Optical characterization of methanol compression-ignition combustion in a heavy-duty engine
Forskningsoutput: Tidskriftsbidrag › Artikel i vetenskaplig tidskrift
In the search for renewable fuels, there are very few candidates as compelling as methanol. It can be derived from refuse material and industrial waste, while the infrastructure exists worldwide to support broad and fast adoption, potentially even as a "drop-in" fuel for existing vehicles with only minor modifications. The most efficient engines currently available are compression-ignition engines, however they often come with high emissions or compromises like the soot-NOx trade-off. Methanol however, is a low sooting fuel that can potentially be used in such engines despite its high resistance to auto-ignition and reduce emissions while maintaining high engine efficiency. Due to the auto-ignition resistance, few studies of methanol compression-ignition exist and even fewer are conducted in an optically accessible engine. Here, two cases of premixed combustion and two of spray-driven combustion of methanol are studied in a Heavy-Duty optically accessible engine. Ignition and combustion propagation are characterized with a combination of time-resolved natural flame luminosity measurements and single-shot, acetone fuel-tracer, laser induced fluorescence. Additionally, Mie-scattering is used to identify the interaction between liquid spray and ignition sites in spray-driven methanol combustion. Results show that methanol combusts drastically different compared to conventional fuels, especially in spray-driven combustion. The evaporative cooling effect of methanol appears to play a major role in the auto-ignition characteristics of the delivered fuel. Ignition sites appear right at the end of injection when the evaporative cooling effect is withdrawn or at liquid length oscillations where, again the effect is momentarily retracted. To the authors' knowledge, this has not been documented before.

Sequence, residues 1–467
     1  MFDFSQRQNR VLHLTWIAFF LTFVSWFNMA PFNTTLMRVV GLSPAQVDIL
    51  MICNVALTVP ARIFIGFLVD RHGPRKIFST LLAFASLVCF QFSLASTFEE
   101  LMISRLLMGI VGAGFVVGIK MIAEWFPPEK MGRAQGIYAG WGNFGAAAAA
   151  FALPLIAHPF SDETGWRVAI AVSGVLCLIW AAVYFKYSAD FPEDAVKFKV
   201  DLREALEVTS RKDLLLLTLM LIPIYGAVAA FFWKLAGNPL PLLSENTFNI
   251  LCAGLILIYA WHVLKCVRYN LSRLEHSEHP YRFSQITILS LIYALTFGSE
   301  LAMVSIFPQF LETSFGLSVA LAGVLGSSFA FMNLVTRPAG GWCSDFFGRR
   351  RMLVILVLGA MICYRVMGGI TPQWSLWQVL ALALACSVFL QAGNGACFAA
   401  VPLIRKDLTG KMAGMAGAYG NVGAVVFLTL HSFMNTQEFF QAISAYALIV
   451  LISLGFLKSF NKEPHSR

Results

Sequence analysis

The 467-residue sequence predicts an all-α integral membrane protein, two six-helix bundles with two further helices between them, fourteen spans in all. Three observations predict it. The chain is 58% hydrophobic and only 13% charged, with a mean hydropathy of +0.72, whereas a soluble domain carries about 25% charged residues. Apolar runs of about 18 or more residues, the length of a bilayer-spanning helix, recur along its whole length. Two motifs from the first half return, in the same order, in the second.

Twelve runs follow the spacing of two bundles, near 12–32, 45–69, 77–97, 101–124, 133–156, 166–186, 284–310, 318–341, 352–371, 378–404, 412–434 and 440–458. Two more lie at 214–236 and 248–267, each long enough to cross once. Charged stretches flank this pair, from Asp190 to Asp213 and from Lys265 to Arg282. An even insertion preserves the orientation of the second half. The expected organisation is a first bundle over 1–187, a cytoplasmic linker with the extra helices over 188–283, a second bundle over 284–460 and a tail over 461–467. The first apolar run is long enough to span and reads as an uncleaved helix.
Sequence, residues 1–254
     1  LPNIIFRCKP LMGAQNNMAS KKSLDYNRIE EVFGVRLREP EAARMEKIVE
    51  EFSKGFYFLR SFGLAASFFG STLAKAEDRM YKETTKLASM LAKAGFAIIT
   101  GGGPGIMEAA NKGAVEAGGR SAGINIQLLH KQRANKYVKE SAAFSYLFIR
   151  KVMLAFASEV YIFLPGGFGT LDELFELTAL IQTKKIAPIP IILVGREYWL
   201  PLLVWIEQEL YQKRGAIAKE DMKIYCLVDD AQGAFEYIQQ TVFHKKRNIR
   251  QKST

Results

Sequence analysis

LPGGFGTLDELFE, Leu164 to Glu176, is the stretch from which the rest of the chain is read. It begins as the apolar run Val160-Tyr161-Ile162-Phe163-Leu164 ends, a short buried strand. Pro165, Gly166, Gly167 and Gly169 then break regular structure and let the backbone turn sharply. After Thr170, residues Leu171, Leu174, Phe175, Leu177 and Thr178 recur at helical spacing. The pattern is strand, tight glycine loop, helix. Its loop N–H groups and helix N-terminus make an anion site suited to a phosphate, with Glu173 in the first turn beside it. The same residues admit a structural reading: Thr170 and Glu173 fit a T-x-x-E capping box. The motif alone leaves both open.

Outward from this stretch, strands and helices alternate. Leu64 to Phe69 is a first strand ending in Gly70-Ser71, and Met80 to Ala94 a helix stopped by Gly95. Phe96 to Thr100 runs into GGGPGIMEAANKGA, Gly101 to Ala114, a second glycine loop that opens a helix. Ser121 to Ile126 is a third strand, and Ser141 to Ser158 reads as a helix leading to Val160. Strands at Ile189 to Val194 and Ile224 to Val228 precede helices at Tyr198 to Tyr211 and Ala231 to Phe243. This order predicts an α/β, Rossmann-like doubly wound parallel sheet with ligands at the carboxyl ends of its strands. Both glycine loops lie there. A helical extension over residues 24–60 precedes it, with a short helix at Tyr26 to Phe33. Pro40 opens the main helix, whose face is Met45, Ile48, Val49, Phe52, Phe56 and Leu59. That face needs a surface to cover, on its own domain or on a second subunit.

|Enheter & grupper|
Ämnesklassifikation (UKÄ) – OBLIGATORISK
|Tidskrift||Proceedings of the Combustion Institute|
|Status||E-pub ahead of print - 2020 jul 18|
|Peer review utförd||Ja|